Figure 3.

Paired anterior cardinal veins form common cardinal veins with paired posterior cardinal veins, draining centrally into the sinus venosus (sinus horns) as depicted (top). Paired anterior cardinals soon form an anastomosis between them; the connection grows from the left to the right anterior cardinal vein to form the left brachiocephalic (innominate) vein (bottom). The left anterior cardinal vein distal (cranial) to the anastomosis becomes the ‘left internal jugular vein,’ while the left anterior cardinal vein proximal to the brachiocephalic anastomosis regresses/atrophies to become the base of the ‘coronary sinus’ of the heart as displayed. The right anterior cardinal (precardinal) vein proximal to the right brachiocephalic vein forms the superior vena cava (SVC) with the common cardinal, and terminal/proximal segment of the posterior cardinal (postcardinal) vein. The figure was reproduced with permission from Lee BB: Venous embryology: the key to understanding anomalous venous conditions.Phlebolymphology 2012, 4:170–181.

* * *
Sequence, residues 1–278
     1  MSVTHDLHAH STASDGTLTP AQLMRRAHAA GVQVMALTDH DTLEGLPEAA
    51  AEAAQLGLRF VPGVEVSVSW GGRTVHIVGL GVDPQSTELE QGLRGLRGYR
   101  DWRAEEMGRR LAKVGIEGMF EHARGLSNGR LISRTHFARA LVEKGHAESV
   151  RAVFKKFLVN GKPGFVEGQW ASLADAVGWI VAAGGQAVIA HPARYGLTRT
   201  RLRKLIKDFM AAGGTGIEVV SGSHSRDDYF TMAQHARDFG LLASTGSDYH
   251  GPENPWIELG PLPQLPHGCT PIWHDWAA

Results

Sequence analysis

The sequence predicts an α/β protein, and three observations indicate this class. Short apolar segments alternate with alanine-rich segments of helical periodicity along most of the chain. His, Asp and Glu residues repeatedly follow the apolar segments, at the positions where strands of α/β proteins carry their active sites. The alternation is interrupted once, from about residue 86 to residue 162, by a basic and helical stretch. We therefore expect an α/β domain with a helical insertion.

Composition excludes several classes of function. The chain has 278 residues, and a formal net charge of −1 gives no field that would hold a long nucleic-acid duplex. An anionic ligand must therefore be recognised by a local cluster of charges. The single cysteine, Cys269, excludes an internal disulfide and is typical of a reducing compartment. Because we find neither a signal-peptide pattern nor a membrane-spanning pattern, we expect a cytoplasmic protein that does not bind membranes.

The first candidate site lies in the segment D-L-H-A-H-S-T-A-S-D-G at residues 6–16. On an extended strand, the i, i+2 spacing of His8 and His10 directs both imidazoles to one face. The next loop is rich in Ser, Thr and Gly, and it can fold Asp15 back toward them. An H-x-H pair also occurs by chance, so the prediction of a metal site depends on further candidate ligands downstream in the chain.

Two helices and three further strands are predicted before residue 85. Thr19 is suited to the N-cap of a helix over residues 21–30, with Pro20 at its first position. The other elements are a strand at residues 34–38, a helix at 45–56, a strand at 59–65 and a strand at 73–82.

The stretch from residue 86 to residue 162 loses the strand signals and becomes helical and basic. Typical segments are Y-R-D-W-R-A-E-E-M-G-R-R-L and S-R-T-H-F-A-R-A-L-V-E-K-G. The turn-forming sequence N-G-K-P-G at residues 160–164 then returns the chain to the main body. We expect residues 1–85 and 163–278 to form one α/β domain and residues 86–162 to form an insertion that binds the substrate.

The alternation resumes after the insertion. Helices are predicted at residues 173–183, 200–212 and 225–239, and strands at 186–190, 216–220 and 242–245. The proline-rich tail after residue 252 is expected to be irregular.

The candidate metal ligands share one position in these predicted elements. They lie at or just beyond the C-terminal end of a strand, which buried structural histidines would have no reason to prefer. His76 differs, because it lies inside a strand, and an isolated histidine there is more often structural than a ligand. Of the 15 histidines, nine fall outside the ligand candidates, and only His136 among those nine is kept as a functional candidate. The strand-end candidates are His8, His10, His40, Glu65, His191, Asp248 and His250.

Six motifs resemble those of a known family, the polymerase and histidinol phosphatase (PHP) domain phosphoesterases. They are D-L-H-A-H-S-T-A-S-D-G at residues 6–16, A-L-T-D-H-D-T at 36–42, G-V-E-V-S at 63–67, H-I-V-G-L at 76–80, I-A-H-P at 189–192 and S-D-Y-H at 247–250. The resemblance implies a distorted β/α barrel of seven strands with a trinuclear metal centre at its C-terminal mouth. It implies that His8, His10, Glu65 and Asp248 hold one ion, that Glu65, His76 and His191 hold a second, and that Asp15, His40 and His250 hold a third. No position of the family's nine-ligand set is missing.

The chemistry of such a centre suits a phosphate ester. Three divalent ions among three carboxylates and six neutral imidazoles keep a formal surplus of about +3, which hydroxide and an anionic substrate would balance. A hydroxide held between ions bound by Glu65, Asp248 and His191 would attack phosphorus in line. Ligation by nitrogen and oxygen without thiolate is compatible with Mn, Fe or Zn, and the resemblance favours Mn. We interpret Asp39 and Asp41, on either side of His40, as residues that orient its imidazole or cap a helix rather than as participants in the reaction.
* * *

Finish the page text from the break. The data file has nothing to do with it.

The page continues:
Zivadinov and Chung BMC Medicine 2013 11:260   doi:10.1186/1741-7015-11-260
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